See the web as TimBL intended it!
This is a light CSS reproduction of the stylesheet in Tim Berners-Lee's WorldWideWeb/Nexus 2.02 that you can implement on your own pages.
Two versions of the stylesheet are available: one using
px values everywhere, and a second using
pt values for font-related sizing and spacing.
stylesdirectory into your web directory
<link rel="stylesheet" type="text/css" href="styles/styles.css"> or
<link rel="stylesheet" type="text/css" href="styles/styles-pt.css">
hrelements, but if you turn that off, you'll get the modern equivalent (a CSS-computed gradient) instead.
The stylesheet was built using pixel values taken from
Nexus.app. I've hard-coded them for a 505px-wide body (the default width of a Nexus browser window) but also converted to percentages for smaller screen widths.
For retro fun! And because it's a really elegant stylesheet.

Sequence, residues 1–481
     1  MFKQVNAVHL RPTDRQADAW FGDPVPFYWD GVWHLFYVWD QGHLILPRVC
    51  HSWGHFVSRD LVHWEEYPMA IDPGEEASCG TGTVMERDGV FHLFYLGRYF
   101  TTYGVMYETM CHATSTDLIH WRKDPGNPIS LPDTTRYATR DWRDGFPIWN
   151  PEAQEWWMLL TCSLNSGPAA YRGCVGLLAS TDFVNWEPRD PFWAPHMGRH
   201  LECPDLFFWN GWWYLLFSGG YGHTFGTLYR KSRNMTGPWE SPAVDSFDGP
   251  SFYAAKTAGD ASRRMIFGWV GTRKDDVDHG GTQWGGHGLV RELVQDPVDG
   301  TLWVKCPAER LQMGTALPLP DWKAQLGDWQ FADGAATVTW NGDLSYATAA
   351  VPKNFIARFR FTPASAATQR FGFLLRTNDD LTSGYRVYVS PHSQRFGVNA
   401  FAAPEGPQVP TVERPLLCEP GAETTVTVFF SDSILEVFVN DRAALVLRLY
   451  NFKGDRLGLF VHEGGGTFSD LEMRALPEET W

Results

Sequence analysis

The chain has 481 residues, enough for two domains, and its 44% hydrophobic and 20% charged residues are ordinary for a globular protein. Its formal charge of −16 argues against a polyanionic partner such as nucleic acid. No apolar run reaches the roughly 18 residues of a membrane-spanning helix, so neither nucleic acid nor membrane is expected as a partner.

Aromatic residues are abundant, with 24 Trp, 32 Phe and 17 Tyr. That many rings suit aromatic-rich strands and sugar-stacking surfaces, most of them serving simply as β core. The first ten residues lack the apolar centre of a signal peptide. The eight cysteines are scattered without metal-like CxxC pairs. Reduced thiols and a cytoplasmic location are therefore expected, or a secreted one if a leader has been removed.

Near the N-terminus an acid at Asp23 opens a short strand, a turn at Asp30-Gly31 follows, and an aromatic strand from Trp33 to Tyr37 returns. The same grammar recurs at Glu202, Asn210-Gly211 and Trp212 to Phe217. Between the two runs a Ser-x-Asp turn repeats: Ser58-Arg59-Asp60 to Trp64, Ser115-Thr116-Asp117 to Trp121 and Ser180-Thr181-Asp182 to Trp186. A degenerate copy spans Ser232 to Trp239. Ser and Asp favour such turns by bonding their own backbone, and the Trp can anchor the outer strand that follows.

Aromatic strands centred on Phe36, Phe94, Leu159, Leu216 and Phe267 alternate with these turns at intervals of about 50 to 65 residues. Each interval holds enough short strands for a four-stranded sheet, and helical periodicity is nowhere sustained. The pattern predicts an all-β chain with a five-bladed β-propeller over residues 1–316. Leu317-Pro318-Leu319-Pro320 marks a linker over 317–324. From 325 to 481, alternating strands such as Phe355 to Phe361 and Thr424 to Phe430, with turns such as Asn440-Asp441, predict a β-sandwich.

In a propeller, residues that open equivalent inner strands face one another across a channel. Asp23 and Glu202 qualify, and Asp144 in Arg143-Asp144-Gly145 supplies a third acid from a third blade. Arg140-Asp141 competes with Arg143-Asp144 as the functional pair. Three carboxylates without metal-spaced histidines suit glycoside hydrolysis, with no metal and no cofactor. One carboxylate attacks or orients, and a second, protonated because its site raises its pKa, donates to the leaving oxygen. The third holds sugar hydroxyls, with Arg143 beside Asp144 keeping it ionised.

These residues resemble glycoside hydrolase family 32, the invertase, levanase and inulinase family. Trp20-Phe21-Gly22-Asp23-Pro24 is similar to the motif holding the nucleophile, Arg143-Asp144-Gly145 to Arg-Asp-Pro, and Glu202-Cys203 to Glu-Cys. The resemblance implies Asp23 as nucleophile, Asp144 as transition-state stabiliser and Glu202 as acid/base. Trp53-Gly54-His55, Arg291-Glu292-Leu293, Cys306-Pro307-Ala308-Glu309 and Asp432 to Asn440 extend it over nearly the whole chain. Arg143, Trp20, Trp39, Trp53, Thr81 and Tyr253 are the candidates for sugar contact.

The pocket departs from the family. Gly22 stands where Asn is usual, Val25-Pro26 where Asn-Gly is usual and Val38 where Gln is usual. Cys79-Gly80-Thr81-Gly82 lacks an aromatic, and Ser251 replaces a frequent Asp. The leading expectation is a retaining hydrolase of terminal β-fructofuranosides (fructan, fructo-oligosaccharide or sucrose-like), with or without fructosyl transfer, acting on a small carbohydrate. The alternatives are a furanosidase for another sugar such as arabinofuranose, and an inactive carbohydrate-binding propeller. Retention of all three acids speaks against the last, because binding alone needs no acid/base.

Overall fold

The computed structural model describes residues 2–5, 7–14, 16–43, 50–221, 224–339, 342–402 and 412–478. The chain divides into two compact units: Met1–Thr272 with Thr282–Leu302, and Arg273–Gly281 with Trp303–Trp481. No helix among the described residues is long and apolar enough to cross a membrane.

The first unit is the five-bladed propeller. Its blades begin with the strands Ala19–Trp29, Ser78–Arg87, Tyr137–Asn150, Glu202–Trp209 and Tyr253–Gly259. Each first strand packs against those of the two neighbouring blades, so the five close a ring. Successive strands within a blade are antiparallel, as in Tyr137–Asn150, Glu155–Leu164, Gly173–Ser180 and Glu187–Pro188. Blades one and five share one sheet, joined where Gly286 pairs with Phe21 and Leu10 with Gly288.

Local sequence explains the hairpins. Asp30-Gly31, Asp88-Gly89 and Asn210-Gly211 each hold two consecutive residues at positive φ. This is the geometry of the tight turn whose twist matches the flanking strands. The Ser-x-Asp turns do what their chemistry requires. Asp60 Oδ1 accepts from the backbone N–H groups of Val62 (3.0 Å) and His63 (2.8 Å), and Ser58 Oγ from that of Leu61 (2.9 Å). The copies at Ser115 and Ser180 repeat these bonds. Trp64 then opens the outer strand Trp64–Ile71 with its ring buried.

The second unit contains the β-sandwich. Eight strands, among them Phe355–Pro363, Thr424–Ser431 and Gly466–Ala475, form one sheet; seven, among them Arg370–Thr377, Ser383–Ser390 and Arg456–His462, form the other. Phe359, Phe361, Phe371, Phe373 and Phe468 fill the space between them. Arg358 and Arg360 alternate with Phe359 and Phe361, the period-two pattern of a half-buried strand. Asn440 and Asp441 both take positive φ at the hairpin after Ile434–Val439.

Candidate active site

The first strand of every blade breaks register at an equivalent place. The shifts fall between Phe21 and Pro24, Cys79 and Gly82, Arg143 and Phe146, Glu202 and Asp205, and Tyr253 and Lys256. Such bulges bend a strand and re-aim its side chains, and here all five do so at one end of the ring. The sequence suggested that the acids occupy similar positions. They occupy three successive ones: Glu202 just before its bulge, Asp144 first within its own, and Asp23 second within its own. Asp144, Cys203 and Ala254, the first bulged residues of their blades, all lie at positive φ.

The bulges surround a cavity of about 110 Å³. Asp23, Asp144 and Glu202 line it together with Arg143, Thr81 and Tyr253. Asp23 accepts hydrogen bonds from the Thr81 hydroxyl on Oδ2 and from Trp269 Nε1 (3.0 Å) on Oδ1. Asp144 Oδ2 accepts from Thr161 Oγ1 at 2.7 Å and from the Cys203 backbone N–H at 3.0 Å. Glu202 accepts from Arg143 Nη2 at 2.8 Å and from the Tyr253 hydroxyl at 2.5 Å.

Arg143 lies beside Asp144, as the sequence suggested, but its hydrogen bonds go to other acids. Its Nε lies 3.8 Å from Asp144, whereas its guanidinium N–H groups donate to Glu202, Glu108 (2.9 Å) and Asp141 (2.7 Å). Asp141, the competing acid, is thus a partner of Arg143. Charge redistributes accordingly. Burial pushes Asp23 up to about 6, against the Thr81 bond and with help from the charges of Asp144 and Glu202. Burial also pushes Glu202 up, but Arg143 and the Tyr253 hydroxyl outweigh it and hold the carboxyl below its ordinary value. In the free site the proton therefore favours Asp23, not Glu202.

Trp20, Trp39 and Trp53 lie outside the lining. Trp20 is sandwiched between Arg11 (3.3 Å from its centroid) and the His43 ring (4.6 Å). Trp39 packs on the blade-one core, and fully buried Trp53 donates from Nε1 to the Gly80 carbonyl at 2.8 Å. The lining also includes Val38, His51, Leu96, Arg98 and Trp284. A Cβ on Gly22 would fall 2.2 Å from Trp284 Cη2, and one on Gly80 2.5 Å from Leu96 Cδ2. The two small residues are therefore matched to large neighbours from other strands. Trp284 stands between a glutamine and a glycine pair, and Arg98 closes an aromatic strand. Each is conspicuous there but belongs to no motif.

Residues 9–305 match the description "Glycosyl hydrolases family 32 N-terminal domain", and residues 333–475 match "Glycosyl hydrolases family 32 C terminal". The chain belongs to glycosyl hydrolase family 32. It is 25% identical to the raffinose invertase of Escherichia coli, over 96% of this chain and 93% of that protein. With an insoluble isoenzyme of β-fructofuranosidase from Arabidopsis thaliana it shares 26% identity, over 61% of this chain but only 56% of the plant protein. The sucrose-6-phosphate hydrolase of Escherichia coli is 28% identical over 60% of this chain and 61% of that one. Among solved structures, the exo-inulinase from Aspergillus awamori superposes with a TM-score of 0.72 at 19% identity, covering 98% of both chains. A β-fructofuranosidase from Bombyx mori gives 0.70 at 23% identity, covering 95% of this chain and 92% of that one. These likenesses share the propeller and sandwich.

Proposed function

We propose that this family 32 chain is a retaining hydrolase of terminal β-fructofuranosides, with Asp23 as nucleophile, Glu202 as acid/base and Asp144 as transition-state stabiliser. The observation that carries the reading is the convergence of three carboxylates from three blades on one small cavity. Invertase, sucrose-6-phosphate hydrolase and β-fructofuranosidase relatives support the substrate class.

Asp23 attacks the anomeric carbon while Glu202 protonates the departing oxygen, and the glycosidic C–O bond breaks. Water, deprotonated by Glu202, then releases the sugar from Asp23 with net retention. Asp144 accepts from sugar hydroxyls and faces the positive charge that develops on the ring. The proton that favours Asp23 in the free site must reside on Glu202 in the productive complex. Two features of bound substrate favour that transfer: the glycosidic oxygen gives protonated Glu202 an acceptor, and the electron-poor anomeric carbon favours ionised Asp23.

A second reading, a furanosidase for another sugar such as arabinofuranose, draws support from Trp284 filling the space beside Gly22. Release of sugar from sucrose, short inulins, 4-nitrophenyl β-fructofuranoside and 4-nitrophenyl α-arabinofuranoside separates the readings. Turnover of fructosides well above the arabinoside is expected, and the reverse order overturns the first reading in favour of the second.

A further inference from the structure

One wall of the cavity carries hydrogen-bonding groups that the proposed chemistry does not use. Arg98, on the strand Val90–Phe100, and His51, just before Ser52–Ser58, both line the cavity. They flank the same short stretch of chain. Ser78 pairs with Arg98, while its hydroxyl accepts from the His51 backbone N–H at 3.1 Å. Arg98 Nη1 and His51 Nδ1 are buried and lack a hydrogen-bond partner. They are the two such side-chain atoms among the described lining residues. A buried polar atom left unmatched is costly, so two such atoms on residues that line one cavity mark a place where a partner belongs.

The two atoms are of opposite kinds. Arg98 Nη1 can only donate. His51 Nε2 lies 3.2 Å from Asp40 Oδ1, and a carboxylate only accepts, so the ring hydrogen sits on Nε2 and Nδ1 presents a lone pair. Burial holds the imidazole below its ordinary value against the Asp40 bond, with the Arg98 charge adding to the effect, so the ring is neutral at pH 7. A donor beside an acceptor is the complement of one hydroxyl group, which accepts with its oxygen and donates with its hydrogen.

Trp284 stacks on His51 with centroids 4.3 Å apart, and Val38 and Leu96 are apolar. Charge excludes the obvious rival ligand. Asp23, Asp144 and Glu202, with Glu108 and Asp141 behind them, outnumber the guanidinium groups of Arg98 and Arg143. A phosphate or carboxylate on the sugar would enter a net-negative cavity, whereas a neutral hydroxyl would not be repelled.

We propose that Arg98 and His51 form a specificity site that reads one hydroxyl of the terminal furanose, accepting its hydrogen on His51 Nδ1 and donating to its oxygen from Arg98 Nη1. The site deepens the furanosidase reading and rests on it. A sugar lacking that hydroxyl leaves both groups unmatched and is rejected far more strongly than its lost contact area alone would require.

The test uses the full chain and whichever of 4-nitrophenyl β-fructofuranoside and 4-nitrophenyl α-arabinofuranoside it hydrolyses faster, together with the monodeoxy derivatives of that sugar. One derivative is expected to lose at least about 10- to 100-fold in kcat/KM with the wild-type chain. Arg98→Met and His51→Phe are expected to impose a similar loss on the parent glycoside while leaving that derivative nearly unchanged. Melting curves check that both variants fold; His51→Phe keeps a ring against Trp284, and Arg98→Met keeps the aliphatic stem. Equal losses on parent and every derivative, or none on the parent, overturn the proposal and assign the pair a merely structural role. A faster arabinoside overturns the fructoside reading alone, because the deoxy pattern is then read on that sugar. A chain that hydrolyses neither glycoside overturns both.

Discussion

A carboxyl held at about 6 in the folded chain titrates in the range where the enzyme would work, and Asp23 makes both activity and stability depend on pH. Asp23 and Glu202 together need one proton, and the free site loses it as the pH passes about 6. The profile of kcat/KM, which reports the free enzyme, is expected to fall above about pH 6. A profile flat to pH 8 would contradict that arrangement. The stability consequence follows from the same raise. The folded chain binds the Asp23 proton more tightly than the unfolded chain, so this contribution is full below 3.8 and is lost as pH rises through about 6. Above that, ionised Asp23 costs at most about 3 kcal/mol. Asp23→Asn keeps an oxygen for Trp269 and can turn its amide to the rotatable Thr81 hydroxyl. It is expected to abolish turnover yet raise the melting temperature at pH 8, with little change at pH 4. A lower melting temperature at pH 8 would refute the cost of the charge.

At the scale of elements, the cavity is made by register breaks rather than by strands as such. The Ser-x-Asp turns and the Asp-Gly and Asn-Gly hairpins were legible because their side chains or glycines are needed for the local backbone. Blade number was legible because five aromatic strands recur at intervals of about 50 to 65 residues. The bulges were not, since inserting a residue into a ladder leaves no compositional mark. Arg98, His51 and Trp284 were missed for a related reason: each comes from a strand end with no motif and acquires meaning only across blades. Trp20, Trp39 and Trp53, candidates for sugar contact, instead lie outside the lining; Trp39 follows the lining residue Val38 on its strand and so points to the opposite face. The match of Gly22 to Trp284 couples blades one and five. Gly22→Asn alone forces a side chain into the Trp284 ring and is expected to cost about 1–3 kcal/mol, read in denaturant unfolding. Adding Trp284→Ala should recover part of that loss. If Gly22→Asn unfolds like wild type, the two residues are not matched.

Earlier versions of WorldWideWeb made anything that appeared before the first H2 element span the full page width (as in the screenshot above). Personally, I think this looks nice. If you want to "enable" this, I've styled HEADER, FOOTER, and .fullwidth to behave this way.
WorldWideWeb and other early browsers don't understand
br, so the best way to put lines of text in a row without putting them in a list is to have
dt elements without corresponding
dd elements. You can do that here, but if you do, you'll need to add an empty
dt before your first real one so that your text spans the width of the container correctly. This is because of the CSS rule I've used to distinguish
dd pairs (which split the width) from singleton
dt elements (which use it all). I'm sorry!
The stylesheet optionally implements the horizontal rule image included in Nexus.app for
hr elements. That image is in TIFF format, which may not work in all browsers, so you may want to convert it to another image format. (The TIFF remains in this distribution for historical fidelity.)
Here it is: